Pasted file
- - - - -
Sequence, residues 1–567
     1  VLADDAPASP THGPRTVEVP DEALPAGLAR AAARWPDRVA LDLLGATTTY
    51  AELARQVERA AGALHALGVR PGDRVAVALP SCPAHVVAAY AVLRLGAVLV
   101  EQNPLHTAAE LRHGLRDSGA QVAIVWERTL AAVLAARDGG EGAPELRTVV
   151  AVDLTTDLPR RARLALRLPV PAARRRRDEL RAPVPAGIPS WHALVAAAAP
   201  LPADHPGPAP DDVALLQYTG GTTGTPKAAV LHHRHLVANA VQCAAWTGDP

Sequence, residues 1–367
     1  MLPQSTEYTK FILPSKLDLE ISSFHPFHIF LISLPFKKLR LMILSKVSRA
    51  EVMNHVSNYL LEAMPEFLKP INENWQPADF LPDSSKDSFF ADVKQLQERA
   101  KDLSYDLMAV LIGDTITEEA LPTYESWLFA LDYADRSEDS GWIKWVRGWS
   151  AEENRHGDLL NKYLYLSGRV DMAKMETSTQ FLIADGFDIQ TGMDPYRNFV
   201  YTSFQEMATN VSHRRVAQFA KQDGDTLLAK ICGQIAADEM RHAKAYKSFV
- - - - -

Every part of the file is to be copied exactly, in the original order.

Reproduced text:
Sequence, residues 1–567
     1  VLADDAPASP THGPRTVEVP DEALPAGLAR AAARWPDRVA LDLLGATTTY
    51  AELARQVERA AGALHALGVR PGDRVAVALP SCPAHVVAAY AVLRLGAVLV
   101  EQNPLHTAAE LRHGLRDSGA QVAIVWERTL AAVLAARDGG EGAPELRTVV
   151  AVDLTTDLPR RARLALRLPV PAARRRRDEL RAPVPAGIPS WHALVAAAAP
   201  LPADHPGPAP DDVALLQYTG GTTGTPKAAV LHHRHLVANA VQCAAWTGDP

Sequence, residues 1–367
     1  MLPQSTEYTK FILPSKLDLE ISSFHPFHIF LISLPFKKLR LMILSKVSRA
    51  EVMNHVSNYL LEAMPEFLKP INENWQPADF LPDSSKDSFF ADVKQLQERA
   101  KDLSYDLMAV LIGDTITEEA LPTYESWLFA LDYADRSEDS GWIKWVRGWS
   151  AEENRHGDLL NKYLYLSGRV DMAKMETSTQ FLIADGFDIQ TGMDPYRNFV
   201  YTSFQEMATN VSHRRVAQFA KQDGDTLLAK ICGQIAADEM RHAKAYKSFV